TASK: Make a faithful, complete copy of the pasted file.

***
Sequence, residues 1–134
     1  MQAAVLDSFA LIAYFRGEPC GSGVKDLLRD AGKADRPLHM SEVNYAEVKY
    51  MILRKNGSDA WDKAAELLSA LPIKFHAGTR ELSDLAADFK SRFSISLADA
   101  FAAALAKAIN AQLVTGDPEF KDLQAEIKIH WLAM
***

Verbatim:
Sequence, residues 1–134
     1  MQAAVLDSFA LIAYFRGEPC GSGVKDLLRD AGKADRPLHM SEVNYAEVKY
    51  MILRKNGSDA WDKAAELLSA LPIKFHAGTR ELSDLAADFK SRFSISLADA
   101  FAAALAKAIN AQLVTGDPEF KDLQAEIKIH WLAM